Friday, July 17, 2009

The New NAACP: Armed and Read for the Silver Rights Movement by Akindele Akinyemi

In many cases most Black Republicans I know feel that the NAACP cater to the special interest of the left such as Planned Parenthood and the National Teacher Association. They also cater to the Democratic Party. While most of this is true we must acknowledge the past 100 years of the NAACP.

If W.E.B. DuBois and Ida B. Wells were alive today both would be turning over in their grave to see the very organization that they help founded in 1909 become something less than. The NAACP was established on February 12th of that year, the 100th birthday of Abraham Lincoln, the president who freed the slaves with the signing of the Emancipation Proclamation.

However, we have an obligation to make the next 100 years of the NAACP more profound and impactful.

The first thing we need to do is address the "C" in NAACP. "Colored" is such an outdated word used to describe Blacks that I personally take offense to hear anyone, Black or White, use it. We are in the 21st century.

The second thing is reducing the number of board members on the NAACP. 64 people on Board of Directors for the National NAACP is too much and should be shrunk to 24 members at the most.

Now do not get me wrong the NAACP has great lumanaries including General Colin Powell, Vernon Jordan, Rev. Jesse Jackson, Dr. Dorothy I. Height and Andrew Young.

But this is what I would like to address.

We are no longer in the civil rights movement of the 1960s but the silver rights movement of the 21st century. We have successfully integrated the lunch counters but we are still struggling to integrate the dollar. We have an economic crisis domestically and globally.

Before the economic crisis we had too much access to leverage (debt), too much confidence, and not enough knowledge (financial literacy). Today we seem to have too little access to credit, and too little consumer confidence, which is in part a result of having, guess what - no understanding of how money and the system really works.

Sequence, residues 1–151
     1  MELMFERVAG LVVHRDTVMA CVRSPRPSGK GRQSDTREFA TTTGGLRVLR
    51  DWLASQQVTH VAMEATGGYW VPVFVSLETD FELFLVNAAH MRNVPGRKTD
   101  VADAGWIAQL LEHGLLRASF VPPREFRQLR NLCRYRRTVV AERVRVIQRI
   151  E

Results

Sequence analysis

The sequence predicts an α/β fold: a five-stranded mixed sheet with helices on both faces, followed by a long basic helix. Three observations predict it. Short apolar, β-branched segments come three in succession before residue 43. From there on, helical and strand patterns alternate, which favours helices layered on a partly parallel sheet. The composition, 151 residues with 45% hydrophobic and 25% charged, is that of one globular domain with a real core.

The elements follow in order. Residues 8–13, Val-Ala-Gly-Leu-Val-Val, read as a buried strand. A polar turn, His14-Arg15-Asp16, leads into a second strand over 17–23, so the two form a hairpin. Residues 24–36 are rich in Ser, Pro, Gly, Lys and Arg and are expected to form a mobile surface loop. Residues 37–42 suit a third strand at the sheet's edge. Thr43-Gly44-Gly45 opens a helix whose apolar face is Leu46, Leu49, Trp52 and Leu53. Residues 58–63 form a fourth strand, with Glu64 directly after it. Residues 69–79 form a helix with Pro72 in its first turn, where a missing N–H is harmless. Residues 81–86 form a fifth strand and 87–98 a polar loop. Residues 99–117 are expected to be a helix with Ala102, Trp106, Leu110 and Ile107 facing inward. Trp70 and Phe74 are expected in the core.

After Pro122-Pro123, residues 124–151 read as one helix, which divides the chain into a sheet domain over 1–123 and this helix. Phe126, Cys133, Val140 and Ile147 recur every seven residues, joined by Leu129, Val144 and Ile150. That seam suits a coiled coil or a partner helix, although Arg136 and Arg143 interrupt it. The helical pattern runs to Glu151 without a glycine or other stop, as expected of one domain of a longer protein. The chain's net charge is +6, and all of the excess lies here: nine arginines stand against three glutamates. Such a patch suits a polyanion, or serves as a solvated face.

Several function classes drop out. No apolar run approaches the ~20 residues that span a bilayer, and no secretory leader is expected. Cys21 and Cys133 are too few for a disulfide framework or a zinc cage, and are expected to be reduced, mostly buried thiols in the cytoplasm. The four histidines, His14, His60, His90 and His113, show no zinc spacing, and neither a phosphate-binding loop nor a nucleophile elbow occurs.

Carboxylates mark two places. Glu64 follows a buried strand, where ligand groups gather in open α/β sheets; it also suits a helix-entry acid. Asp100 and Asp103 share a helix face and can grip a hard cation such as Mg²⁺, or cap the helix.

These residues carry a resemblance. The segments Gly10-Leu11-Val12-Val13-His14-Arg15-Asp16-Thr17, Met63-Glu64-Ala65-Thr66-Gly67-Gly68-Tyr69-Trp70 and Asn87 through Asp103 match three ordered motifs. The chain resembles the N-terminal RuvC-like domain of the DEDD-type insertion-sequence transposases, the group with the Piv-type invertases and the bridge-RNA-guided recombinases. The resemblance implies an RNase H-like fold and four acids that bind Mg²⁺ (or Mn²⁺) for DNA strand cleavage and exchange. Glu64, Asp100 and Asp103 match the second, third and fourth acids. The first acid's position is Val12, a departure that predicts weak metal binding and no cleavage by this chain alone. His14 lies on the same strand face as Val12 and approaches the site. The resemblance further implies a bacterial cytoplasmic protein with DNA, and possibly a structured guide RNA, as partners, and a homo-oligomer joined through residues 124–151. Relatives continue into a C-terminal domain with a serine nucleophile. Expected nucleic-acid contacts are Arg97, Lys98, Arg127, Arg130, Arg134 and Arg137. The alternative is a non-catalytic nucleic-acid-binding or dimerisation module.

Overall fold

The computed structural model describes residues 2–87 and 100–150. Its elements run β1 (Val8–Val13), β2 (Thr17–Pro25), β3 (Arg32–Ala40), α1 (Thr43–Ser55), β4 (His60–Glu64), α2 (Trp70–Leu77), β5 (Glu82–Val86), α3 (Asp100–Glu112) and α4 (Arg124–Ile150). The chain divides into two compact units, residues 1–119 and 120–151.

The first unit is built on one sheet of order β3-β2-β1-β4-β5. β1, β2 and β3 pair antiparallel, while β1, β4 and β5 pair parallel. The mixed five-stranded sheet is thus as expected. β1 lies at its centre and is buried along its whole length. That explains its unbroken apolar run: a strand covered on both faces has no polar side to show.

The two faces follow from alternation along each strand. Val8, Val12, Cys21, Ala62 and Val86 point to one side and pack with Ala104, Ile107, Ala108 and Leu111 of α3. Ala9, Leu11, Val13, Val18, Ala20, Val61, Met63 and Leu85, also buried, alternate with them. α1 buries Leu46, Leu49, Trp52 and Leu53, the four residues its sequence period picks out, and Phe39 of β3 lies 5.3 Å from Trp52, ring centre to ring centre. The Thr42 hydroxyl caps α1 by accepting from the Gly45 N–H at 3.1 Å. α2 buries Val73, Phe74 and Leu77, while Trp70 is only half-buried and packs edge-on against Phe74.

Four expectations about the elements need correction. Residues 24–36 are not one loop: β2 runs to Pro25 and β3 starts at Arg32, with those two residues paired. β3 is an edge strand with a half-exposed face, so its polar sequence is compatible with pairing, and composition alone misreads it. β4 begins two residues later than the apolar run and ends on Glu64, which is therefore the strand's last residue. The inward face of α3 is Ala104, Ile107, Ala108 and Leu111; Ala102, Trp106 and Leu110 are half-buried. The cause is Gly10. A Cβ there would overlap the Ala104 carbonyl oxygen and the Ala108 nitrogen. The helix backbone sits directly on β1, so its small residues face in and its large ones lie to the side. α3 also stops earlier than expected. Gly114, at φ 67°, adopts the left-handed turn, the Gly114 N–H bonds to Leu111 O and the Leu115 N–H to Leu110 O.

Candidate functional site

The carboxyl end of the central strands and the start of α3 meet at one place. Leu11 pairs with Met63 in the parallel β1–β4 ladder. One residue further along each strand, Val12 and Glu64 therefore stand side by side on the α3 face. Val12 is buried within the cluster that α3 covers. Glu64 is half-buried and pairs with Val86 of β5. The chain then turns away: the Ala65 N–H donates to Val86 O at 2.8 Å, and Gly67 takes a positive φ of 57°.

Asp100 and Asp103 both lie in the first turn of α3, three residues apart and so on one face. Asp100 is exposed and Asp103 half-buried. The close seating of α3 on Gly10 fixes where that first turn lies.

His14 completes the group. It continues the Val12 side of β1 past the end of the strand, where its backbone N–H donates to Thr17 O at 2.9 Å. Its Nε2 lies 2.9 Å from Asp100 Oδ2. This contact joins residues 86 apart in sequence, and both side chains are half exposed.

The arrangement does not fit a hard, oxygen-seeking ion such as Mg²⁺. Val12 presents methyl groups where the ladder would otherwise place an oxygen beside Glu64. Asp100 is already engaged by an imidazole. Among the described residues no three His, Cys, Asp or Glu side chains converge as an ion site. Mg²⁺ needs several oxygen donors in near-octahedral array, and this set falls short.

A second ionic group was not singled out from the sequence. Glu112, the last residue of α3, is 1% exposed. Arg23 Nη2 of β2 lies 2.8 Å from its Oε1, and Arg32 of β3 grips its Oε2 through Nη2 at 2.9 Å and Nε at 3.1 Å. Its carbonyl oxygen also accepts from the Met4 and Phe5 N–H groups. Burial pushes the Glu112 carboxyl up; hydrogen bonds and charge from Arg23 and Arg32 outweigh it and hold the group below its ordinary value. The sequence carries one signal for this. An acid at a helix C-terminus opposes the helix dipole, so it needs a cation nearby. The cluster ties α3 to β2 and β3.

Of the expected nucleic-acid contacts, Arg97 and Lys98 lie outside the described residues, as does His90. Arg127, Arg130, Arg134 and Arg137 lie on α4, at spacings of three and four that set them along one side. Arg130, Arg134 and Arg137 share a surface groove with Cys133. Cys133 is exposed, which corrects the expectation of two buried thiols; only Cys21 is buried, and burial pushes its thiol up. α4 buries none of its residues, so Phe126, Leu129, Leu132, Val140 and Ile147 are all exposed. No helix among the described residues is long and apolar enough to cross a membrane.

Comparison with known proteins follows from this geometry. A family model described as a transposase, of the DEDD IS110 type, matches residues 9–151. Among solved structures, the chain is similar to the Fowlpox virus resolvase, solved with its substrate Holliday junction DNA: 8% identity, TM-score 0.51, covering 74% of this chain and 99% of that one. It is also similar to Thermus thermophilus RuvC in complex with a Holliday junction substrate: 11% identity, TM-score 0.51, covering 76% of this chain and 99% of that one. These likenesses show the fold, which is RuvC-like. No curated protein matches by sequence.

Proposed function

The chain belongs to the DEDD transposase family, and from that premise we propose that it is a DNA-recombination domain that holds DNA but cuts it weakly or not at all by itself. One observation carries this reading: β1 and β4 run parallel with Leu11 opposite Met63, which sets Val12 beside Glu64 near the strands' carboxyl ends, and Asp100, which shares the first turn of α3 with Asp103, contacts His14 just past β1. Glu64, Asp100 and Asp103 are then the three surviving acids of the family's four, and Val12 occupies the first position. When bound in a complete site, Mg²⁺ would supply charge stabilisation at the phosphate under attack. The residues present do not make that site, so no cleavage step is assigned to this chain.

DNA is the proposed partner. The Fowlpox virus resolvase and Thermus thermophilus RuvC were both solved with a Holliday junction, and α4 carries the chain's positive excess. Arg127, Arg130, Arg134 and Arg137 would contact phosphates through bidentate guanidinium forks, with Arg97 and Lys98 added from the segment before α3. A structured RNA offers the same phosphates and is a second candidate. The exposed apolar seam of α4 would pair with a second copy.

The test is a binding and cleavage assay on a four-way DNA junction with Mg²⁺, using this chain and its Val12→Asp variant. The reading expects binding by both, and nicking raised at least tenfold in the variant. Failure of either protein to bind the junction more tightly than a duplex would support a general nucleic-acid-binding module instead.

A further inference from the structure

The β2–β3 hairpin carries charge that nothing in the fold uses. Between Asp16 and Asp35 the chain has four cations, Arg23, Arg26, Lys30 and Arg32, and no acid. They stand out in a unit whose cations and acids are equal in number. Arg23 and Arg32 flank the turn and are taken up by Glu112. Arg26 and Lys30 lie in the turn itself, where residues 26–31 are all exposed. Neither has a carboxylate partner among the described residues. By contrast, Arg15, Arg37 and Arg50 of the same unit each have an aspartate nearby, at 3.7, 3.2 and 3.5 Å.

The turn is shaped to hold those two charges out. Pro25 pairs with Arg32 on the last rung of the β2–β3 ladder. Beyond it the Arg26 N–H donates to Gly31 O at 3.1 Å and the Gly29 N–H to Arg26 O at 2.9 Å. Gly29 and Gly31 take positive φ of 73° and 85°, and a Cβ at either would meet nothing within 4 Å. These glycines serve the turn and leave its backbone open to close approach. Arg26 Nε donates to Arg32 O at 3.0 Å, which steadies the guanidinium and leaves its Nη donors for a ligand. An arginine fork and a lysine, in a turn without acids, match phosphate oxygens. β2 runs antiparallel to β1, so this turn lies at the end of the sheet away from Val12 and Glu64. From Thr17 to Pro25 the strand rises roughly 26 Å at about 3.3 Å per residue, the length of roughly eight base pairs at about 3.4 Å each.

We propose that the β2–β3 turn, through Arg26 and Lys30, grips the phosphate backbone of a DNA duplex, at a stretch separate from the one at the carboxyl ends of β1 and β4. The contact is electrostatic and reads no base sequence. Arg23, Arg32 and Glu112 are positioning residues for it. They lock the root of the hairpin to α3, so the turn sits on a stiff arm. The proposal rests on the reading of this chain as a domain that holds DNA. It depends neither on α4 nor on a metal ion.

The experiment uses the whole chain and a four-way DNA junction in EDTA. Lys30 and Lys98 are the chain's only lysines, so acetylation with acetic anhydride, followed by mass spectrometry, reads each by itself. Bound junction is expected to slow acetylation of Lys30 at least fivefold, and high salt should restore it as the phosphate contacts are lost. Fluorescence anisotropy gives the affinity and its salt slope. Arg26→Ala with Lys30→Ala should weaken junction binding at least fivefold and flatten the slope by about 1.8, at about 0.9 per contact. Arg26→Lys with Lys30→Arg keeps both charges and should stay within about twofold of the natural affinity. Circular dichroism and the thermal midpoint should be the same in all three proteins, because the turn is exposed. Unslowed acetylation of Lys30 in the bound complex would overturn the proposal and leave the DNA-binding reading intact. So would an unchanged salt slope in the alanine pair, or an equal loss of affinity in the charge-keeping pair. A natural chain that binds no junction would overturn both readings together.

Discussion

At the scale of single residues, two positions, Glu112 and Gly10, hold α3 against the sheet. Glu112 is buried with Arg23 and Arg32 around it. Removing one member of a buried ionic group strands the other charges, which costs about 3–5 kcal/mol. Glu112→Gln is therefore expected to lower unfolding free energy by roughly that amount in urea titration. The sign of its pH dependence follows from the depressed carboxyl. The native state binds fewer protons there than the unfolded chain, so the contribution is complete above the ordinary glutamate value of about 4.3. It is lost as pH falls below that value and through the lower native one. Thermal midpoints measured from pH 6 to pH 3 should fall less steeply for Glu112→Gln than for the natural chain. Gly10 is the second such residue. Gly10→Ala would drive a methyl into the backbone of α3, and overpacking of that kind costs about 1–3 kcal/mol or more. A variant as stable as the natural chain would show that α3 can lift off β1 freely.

When you add to this the number of job losses tied to an economy trying to de-leverage at the same time, across broad swatches of industry in America and around the world, and you have a perfect storm. If you thought the banking crisis was bad, think what happens if there is a fundamental breakdown of consumer confidence in America; a nation where 70% of the $14 trillion U.S. economy is on the back of the U.S. consumer. Sounds insane doesn't it?

The NAACP, through its young adults, can create a new movement of silver rights activists.
This movement must be a campaign around direct-action. Direct action economic change; direct-action social change; direct-action educational change -- in the lives of real people, living in real communities. But we need to understand that the NAACP mission should never just be local but global. Understanding that we are global citizens who must create solutions for global issues across the our world is necessary to build economic engines to become self-sufficient without always seeking an handout but a handup.

The NAACP must come to reality when it comes to educational reform. Trying to support public education in urban areas must be more than just ostracizing vouchers, tax credits and charter schools. Here in the State of Michigan we have well over 100,000 students enrolled in charter schools statewide. How can we continue to ignore the number of students and parents involved in charter schools and not give them a chance?

For example,
charter public schools in Detroit exceed the local district on 24 of 27 tests - up from 20 last year. They tie on two additional tests and are within 1 point on the remaining exam. Yet, at any given forum the NAACP, in many cases, still ignore charters and cater to the failing Detroit Public School System. It's time to engage all of our stakeholders in education to create a solution.

I mean, has the NAACP ever reached out to groups like BAEO or MAPSA or the Center for Educational Reform?

The NAACP also ignore the need for vouchers in chronically failing school districts. When I look at the Congressional Report Card and look under Sen. Dick Durbin from Illinois will he receive an "A" from the NAACP for pushing for the elimination of the D.C. Opportunity Scholarship that help hundreds of black children in Washington D.C.? Will the Republicans who voted against this receive an "F" for supporting vouchers? It's time to scrap the report card method unless we are going to be fair and balanced.

According to The Silent Epidemic: Perspectives of High School Dropouts, a study published by Civic Enterprises that shared the perspectives of high school dropouts, approximately one-third of all children, and 50% of minorities in public schools, drop out of high school nationwide. In many of the nation’s “dropout factories,” the percentage of dropouts far outpaces the percentage of graduates.